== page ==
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Ralph Breaks the Internet: Building & Populating a Digital World

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Not long ago, on the Walt Disney Studios lot in Burbank, I had a chance to take a look at a nice chunk of footage from Walt Disney Animation Studios’ 57th feature, Ralph Breaks the Internet. Given the long development and production time required for an animated feature on this scale, the follow-up to 2012’s Wreck-It Ralph is an unusually timely story that arrives just as retro gaming is reaching its peak as we enter a holiday season where some of this year’s must-have gifts are firmly-rooted in a simpler time with an arcade past. Just as real-life gamers are longing to go back in time, Wreck-It Ralph (John C. Reilly) and Vanellope von Schweetz (Sarah Silverman) are headed for the future… but the future is now. From Litwak’s Arcade to the internet, the creative team behind the film had a huge task ahead of them in order to build and populate a digital world that could have believably been expanding for decades.

Photo by Alex Kang, Disney: Josie Trinidad, Jason Hand, Natalie Nourigat


You can’t just make a movie without a great story (well, you could – but it wouldn’t be very good), and for Ralph Breaks the InternetJosie Trinidad (Head of Story), Jason Hand (Story Artist) and Natalie Nourigat (Story Artist) worked alongside the filmmakers to both develop a new adventure for Ralph and Vanellope, but also come up with a meaningful translation from paper to screen that would see the internet come to life like never before. What exactly should Ralph be doing? It can’t always be cat videos or unboxings (or can it?)…

Concept Art from Ralph Breaks the Internet


After developing a solid story that would send our heroes on a mission far beyond Litwak’s Family Fun Center to enter the digital unknown in search of a real-life part for a broken machine that exists in the physical world, Matthias Lechner (Art Director, environments), Larry Wu (Head of Environments) and Ernie Petti (Technical Supervisor) had to figure out how the internet would be constructed. After a visit to one of the most important buildings in the world when it comes to the internet – One Wilshire – the reality is that what powers the real-life web is pretty boring in that it’s just an endless array of wires and routers. But for Ralph’s world, the internet would become something more intriguing… imagine an endless city that’s been build upon since the 90s, and at the top are the shiny new sites and apps that are at the cutting edge of technology, but beneath them are the dirty, dusty and forgotten relics of what’s come before (shout-out to Geocities and Netscape!). 

The Rock Father is in there... 


With the massive world established and built, Cory Loftis (Production Designer), Dave Komorowski (Head of Characters and Technical Animation), Renato dos Anjos (Head of Animation) and Moe El-Ali (Crowds’ Supervisor) were tasked in populating the vast space. To create thousands of characters, the team started by pulling character renders from all the other Disney Animation films into the project, after which they were able to tweak things like color and clothing for a unique look. But this was just the background noise, and as technology has improved greatly since the first film, this meant there was the opportunity to enhance and update the hero characters with modern definition and detail. And when it comes to detail, just look at this 9-frame progression…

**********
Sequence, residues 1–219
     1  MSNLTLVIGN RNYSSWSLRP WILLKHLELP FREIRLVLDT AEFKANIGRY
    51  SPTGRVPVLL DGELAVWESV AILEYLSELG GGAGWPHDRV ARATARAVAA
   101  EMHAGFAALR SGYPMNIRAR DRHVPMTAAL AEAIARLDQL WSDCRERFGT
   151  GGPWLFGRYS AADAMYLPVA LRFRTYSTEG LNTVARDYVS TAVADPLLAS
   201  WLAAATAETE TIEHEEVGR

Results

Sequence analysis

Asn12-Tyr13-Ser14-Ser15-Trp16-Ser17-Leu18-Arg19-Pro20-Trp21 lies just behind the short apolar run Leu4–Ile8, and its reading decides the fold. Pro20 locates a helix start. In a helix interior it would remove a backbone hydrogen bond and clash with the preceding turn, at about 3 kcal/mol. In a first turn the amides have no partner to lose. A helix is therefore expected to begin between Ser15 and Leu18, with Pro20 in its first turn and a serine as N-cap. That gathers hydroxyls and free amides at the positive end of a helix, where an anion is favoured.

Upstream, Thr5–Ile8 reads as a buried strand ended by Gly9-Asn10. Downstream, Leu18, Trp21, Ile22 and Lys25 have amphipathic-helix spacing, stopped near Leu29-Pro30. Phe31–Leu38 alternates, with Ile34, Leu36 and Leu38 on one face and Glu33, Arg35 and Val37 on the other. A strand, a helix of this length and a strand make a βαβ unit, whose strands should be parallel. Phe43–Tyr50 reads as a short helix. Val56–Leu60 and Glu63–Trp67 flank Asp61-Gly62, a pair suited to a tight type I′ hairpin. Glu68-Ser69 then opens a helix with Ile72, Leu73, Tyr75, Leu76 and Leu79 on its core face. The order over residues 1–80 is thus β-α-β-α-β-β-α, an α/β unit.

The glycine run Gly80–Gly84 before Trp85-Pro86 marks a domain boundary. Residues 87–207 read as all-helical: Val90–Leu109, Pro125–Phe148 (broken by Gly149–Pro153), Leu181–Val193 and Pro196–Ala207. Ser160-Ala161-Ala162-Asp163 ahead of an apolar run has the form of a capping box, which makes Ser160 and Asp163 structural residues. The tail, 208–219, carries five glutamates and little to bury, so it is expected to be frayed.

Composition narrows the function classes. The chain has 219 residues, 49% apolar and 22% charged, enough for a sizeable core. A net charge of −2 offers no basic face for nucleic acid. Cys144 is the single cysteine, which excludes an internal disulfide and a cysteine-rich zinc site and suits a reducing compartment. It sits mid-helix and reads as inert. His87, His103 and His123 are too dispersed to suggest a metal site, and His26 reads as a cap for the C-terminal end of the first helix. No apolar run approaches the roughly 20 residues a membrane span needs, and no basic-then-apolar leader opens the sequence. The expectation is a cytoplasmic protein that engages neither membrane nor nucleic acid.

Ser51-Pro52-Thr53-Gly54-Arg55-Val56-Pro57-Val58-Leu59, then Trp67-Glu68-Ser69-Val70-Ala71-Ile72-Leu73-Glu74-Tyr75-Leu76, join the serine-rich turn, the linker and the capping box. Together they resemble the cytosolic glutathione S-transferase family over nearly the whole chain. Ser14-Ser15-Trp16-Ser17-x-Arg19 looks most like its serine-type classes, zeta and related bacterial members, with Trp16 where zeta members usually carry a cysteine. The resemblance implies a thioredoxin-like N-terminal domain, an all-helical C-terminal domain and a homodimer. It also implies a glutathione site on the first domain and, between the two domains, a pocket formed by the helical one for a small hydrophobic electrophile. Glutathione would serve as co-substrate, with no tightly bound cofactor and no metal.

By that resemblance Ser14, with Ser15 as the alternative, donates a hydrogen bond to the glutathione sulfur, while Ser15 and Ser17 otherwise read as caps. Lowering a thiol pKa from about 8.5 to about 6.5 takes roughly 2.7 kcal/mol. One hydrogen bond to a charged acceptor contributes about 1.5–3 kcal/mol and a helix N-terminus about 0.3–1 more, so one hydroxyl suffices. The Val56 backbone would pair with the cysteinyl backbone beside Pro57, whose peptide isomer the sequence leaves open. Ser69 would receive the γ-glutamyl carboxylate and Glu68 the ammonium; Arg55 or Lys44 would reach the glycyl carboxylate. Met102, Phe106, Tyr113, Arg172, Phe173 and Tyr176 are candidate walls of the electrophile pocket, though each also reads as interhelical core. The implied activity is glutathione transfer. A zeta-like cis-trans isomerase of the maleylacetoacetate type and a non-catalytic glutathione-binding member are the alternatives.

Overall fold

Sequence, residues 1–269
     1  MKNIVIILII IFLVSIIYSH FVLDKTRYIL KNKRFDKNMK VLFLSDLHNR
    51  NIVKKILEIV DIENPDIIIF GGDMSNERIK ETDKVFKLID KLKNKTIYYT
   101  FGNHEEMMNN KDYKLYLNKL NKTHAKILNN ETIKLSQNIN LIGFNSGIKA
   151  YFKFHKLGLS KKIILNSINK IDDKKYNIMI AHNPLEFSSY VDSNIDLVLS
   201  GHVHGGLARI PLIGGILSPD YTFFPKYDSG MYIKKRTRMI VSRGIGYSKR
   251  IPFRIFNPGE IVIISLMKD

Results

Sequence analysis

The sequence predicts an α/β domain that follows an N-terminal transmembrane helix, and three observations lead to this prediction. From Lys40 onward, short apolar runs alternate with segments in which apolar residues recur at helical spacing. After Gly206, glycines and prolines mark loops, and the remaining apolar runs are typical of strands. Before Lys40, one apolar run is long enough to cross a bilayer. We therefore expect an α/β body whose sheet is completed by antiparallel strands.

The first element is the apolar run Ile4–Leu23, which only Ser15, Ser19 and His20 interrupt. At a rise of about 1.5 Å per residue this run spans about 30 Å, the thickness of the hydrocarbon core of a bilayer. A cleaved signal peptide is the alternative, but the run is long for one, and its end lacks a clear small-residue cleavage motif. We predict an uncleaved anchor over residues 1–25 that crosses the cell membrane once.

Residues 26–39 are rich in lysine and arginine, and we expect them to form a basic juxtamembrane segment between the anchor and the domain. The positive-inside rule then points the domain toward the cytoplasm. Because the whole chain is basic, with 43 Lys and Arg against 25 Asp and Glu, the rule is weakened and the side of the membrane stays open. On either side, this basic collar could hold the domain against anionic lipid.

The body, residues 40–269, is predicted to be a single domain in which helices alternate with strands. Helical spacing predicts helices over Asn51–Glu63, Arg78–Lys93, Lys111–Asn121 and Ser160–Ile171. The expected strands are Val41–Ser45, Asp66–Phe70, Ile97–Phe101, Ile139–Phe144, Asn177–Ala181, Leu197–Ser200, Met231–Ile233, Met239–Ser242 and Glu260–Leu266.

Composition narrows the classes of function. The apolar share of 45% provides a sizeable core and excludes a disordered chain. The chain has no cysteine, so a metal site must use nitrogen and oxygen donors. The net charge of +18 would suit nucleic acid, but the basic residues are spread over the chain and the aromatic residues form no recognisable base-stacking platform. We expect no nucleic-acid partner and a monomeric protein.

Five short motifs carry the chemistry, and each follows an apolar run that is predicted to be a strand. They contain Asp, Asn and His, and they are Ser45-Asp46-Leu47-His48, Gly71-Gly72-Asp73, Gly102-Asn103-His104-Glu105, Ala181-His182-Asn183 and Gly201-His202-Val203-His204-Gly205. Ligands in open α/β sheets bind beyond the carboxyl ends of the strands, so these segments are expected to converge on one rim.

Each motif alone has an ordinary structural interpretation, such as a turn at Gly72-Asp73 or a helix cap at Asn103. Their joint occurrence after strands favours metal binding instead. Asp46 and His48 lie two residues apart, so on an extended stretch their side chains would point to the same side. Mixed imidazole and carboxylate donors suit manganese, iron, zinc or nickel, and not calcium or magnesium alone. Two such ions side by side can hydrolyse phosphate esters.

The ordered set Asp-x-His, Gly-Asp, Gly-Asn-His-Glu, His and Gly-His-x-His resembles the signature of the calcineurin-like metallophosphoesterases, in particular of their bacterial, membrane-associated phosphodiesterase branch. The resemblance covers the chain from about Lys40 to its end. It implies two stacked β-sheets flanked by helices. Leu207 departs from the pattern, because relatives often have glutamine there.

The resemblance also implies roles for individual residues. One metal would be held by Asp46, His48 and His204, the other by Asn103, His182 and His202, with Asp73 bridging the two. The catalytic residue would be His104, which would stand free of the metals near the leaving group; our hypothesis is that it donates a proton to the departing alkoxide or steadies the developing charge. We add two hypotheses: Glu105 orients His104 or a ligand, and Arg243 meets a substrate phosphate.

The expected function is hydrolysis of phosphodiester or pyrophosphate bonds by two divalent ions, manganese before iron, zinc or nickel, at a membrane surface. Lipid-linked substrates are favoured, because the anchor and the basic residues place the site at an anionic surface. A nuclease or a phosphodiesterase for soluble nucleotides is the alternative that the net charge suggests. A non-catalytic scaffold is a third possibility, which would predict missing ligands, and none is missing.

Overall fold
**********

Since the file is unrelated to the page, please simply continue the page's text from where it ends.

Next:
Two very important distinctions that came from the story (first touched upon here) are that the Netizens are the digital creatures that actually live and work inside the internet, while the Net Users are the temporary visitors who are just stopping by – the digital avatars of everyday humans like you and I who log on, search for information, visit websites and then disappear. While the Netizens appear more organic and have distinct personalities, the avatars are simpler creatures with blocky heads (very much akin to a Funko Pop! Vinyl figure) who are more limited in expression, with their emotions guided by actions like we’d see on our phones (“like,” “heart,” etc). 


With millions of characters, this also posed the challenges of location – with characters reflecting their location, from familiar sites and apps like eBay and Snapchat to the seedy underbelly of the deep web/dark net (pictured top). It all adds a layer or realism to a realm of fantasy.

Ralph Breaks the Internet:

Ralph Breaks the Internet leaves Litwak’s video arcade behind, venturing into the uncharted, expansive and thrilling world of the internet—which may or may not survive Ralph’s wrecking. Video game bad guy Ralph and fellow misfit Vanellope von Schweetz  must risk it all by traveling to the world wide web in search of a replacement part to save Vanellope’s video game, Sugar Rush. In way over their heads, Ralph and Vanellope rely on the citizens of the internet—the netizens—to help navigate their way, including a webite entrepreneur named Yesss (voice of Taraji P. Henson), who is the head algorithm and the heart and soul of trend-making site “BuzzzTube.”

Directed by Rich Moore (“Zootopia,” “Wreck-It Ralph”) and Phil Johnston (co-writer “Wreck-It Ralph,” “Cedar Rapids,” co-writer “Zootopia,”), and produced by Clark Spencer (“Zootopia,” “Wreck-It Ralph,” “Bolt”), Ralph Breaks the Internet is in theaters everywhere on November 21, 2018. 

Animation photos courtesy of Disney. Office shots: ©Disney/Alex Kang.

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